Food Stamp-o-Rama (Or, What we ate for lunch today)

Tracking what we’re eating this week to keep on the Food Stamp Challenge:

Wednesday
Breakfast: Oatmeal (bulk-buy, from pantry), small amount of cinnamon-sugar* (pantry) and milk; coffee**
Snack: 2 apricots, slice of cheese
Lunch: Leftovers: cold chicken, half a red bell pepper, coffee

Snack: 2 plums, handful of unsalted peanuts*** (pantry); hot tea****

Dinner:  Baked eggplant Parmesan and Italian sausage: 1 eggplant (leftover from last week’s farmers’ market trip), half a bunch of chard, 1 chopped tomato, 1 chopped clove garlic (pantry), 1 frozen pint of tomato sauce from last summer’s harvest, 1 cup of red wine left from guest visit. Baked with 1 cup shredded cheese on top. Italian sausage (bought 6/1 on sale), garlic toast (from bread site day-old bread, free, with garlic and small amount of butter).
Cost of dinner: $2 for casserole, $3 for sausage, $0 for bread. Feeding 5 = $1 per person, plus or minus a few cents.

* Cinnamon and Sugar
I buy cinnamon and other spices in the large restaurant-size container — 1+ lbs per container. Not too pricey in the bulk-food aisle at Costco or Lucky. About $4-6 each, and we use it all the time. We also buy brown gravy, taco seasoning, black pepper and dried onions in the same size and save a lot of money over buying small containers. This strategy is not as effective for 1 or 2 people, but for a larger family, it makes sense.
I also buy sugar in a 25-lb sack for about $13. For a 5-lb sack, I would have to pay $4; I see a significant savings, and we go through perhaps 3 25-lb bags a year, with all our home baking and jam-making. If this is too much sugar for you, visit C&H sugar’s Web site and sign up for coupons. You could save on smaller bags and other varieties instead.
** Coffee
I did the math. I could buy a lesser quality coffee with a larger carbon footprint. I could buy Starbucks every day, or twice a day, even, at $3.65 per cup. But I buy fair trade coffee in a 2-pound bag, whole bean, from a local purveyor: San Francisco Bay Coffee, owned by the Rogers family, an Alameda family who have invested heavily in coffee-growing regions for sports for the youth, educational and health facilities. I get their coffee at Costco or in the Max-Pak aisle at Lucky. Sometimes I get it at Grocery Outlet, if I’m shopping there. I pay about $11-12 for the bag.
We make a fresh pot of coffee every morning, and I use the recommended amount of ground coffee (I grind it each day, too.) By my math, I am getting a delicious, fresh, ethical cup of coffee for 10 cents a cup when I make it at home. We use the leftovers to make iced coffees in summer, to use as a color rinse for brown hair (a couple members of the family are brownies, not blondies), or on the compost. The grounds go onto the compost pile as well. About three years ago I invested in a copper coffee filter and have never purchased another coffee filter since then. No paper waste, no carbon footprint after the initial purchase. I have also heard that hemp coffee filters are reusable and work even better/longer than copper.

*** Peanuts
We buy peanuts in bulk — in the largest bag we can find. Good prices at Costco for a large bag of peanuts. We prefer unsalted, because no one needs more salt than we already get. I sometimes shell a bunch and use them in Thai cooking or baking. Otherwise, this is a high-protein, heart-healthy snack that Mr. Husband and the kids love, and so do our squirrel friends and blue jays. Great in lunch boxes, packed in the car for on-the-go snack, and in a pinch, you canmake your own chunky peanut butter, all natural, without added sugar or salt.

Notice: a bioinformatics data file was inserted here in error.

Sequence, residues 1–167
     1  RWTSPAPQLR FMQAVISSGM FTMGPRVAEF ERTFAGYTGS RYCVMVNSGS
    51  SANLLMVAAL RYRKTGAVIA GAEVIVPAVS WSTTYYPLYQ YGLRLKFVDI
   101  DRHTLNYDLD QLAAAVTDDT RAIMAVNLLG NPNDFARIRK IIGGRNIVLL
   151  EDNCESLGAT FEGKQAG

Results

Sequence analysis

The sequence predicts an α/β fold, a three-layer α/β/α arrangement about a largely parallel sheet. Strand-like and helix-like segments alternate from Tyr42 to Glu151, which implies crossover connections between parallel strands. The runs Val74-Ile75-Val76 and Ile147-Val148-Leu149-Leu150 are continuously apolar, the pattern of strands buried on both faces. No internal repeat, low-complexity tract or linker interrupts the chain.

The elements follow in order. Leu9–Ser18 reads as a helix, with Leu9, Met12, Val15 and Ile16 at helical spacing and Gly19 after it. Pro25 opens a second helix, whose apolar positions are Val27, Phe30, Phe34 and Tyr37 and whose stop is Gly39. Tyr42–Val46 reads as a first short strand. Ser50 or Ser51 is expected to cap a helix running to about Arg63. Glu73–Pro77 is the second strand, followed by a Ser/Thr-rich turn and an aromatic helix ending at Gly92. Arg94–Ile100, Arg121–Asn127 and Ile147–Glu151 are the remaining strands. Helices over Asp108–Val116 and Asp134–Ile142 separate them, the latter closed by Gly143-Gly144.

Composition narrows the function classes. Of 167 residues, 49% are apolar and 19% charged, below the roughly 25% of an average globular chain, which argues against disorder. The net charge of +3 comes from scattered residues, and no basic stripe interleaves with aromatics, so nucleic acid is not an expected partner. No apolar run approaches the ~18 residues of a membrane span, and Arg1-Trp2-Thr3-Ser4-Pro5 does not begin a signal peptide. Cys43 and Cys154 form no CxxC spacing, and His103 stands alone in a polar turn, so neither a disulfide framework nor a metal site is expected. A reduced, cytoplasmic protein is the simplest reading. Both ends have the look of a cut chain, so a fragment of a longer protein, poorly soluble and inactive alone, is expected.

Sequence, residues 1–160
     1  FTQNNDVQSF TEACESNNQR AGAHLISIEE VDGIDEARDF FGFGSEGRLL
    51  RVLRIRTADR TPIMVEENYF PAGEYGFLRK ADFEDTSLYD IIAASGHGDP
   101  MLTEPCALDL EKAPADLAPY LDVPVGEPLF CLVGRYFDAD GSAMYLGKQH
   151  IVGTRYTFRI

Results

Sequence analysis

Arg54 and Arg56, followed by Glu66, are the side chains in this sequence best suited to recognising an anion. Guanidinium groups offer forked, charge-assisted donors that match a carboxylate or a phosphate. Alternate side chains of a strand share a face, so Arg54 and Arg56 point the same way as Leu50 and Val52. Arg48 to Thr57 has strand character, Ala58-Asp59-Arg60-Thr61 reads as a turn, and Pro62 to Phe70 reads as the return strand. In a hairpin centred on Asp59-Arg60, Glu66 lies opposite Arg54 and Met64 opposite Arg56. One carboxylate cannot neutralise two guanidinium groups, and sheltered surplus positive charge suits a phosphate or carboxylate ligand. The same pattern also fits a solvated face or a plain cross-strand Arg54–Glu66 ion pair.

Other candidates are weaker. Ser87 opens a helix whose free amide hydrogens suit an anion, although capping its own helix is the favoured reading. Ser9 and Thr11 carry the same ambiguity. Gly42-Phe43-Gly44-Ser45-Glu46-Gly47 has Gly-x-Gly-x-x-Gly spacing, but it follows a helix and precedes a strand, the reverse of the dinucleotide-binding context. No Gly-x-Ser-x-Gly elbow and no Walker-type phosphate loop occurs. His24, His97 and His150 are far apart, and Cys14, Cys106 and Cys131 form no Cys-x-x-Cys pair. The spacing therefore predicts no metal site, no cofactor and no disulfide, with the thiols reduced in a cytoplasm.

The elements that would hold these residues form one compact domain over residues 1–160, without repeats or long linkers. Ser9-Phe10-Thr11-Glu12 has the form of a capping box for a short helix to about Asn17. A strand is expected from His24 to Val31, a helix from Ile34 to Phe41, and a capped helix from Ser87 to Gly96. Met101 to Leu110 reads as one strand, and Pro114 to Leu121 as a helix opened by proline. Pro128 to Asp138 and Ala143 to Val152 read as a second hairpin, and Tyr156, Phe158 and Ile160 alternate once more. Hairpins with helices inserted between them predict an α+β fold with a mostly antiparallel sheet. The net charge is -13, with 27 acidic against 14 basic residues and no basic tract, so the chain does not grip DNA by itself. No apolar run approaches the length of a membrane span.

Our best purchase of peanuts, barring Costco, was Orchard Supply Hardware, where we got a 10-lb bag of unsalted peanuts in the shell for about $6. Will double check on this and correct it if I’m off.

**** Tea
I also did the math on this one. Our Boy loves to drink sodas, juices, energy drinks, Gatorade and sweet iced tea. Most of those are full of sugar or high fructose corn syrup. I make sun tea at home. We have a batch brewing twice a week or more. Mr. Husband prefers it unsweetened, so his is left alone, on the counter. The Boy and the girlies prefer it sweet. A 1/2 gallon pitcher with 2/3 cup of sugar stirred in tastes sweet enough and has far less sugar than any canned or bottled drink. Since the water and teabags are not expensive, this home-brew works out to pennies per glass. Actually, about 1 penny, if you want the nitty-gritty.
We use a no-name tea bag for sun tea. A 100-tea-bag box of black tea is available at Lucky for about $2. I use 3 tea bags per gallon of sun tea. I have tried using loose tea but no one likes little leaves in the iced tea, so we went back to tea bags. These do not have an extra outside wrapping, and the entire tea bag goes onto the compost pile.
For hot tea, I buy loose tea. I prefer the quality and flavor. At Lucky, Lipton loose tea is a pound for $6 — way cheaper than bagged tea, higher quality, and no bags to throw away. I also buy loose tea from other sources — Peets has loose tea, as does our Alameda cafe, Julie’s Coffee and Tea (organic and locally grown blends). Those are pricier, so depending on the budget, I get loose tea when I can and drink bagged teas when we can’t.

Which reminds me of a saying from my late grandmother, Ruth Bailey:

“We eat what we can, and what we can’t, we can.” 

Amen, Grandma.

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